The Money Smart website was created by ASIC to help you take steps to improve your personal finances.

    ASIC is also interested in information of scams involving financial products.  Report misconduct to ASIC

    The website has calculators and guidance on:

      • borrowing and credit
      • superannuation and retirement
      • budgeting and saving
      • investing
      • scams

    Visit: moneysmart.gov.au/


  • Cyber Security Tips

    As we increasingly use online solutions and integrate technology into our day to day it’s important to take measures to protect and maintain cyber security.

    Here are a few tips to keep top of mind

    • Do not click on suspicious links in emails or even text messages – especially emails requesting you to enter your account information.
    • Be cautious of emails asking you to act on a financial transaction with a sense of urgency.
    • Be vigilant when opening attachments – ensure you are expecting the attachments and that it’s not suspicious.
    • Do not forward any suspicious emails from your personal email to your work email account.

    According to the National Cyber Security Alliance, one in five small businesses falls victim to cybercrime each year. If you’re a small business, it pays to review the below:

    • Never provide your password to anyone. Use complex passwords and use a different password for each of your online accounts or programs.
    • Check for red flags in emails to tip you off that the sender may not be legitimate. Check domain names carefully.
    • Don’t open any email attachments if you don’t know exactly why you received them or what they contain.
      When in doubt, throw it out. Hit that delete button.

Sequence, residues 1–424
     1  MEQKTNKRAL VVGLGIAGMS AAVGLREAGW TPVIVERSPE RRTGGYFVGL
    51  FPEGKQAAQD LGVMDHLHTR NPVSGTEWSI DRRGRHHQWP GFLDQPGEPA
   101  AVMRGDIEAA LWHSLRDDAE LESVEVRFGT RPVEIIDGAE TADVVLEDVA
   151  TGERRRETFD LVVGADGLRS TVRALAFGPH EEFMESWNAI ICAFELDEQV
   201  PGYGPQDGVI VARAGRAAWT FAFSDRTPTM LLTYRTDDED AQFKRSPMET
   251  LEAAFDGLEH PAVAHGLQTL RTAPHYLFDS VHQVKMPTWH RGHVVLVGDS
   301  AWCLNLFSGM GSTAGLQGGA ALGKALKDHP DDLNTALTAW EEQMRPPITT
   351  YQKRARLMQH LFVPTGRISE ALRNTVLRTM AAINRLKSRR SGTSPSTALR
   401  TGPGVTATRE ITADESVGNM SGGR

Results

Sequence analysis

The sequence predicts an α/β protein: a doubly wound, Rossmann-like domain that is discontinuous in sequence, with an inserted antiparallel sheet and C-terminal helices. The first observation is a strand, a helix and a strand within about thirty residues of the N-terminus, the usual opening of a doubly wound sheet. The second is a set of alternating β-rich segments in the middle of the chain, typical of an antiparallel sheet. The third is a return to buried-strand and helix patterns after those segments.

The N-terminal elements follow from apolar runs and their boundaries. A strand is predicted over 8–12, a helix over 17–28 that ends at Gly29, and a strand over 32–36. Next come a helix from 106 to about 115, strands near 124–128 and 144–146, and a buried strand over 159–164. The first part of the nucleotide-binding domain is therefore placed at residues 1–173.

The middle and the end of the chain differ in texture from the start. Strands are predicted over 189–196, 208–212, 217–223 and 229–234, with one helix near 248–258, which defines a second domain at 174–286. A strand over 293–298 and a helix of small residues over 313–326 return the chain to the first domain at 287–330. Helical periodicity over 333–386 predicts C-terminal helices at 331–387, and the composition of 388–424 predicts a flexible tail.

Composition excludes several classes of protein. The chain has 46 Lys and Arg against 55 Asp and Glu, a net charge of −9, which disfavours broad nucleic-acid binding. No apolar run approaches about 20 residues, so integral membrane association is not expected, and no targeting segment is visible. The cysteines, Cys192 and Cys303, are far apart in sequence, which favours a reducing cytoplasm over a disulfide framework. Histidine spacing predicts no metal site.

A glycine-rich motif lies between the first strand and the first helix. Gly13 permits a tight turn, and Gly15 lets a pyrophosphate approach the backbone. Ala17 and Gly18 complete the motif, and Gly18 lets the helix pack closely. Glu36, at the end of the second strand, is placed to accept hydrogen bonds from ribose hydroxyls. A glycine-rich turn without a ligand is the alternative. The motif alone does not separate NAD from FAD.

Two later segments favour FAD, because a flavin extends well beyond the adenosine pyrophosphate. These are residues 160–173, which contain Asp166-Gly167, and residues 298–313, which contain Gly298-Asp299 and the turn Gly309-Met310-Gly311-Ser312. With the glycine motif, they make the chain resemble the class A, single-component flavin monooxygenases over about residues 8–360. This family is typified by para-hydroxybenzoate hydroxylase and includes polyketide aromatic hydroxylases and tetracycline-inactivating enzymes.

• NetBanking & Mobile App Security

    There are a few things you can do to protect your security when banking online.

    • Consider the use of the ‘Save Password’ feature in browsers (this often pops up when you’re logging in to a site, or making an online payment). These passwords can often be viewed by simply going into browser settings and are vulnerable to hackers and in instances where property, like a laptop, is lost or unattended.
    • Log out after using NetBanking – Always click on the ‘Logout’ button and close the browser when you have finished using NetBanking. Simply closing the browser when you are done may not log you out of NetBanking completely.
    • Choose secure access codes – When choosing your password try to make sure it is as unique as possible. Don’t use your birthday or the name of your pet.
    • Remember never to disclose your password to anyone.
    • Ensure you have adequate protection against Virus’s (including Trojan) and Malware on your computer and phone.
  • 24/7 Fraud Monitoring

    Together with Orion (our supplier of fraud management services) we have a sophisticated card monitoring program in place to provide additional security to you 24 hours a day, 7 days a week, while you’re at home or travelling overseas.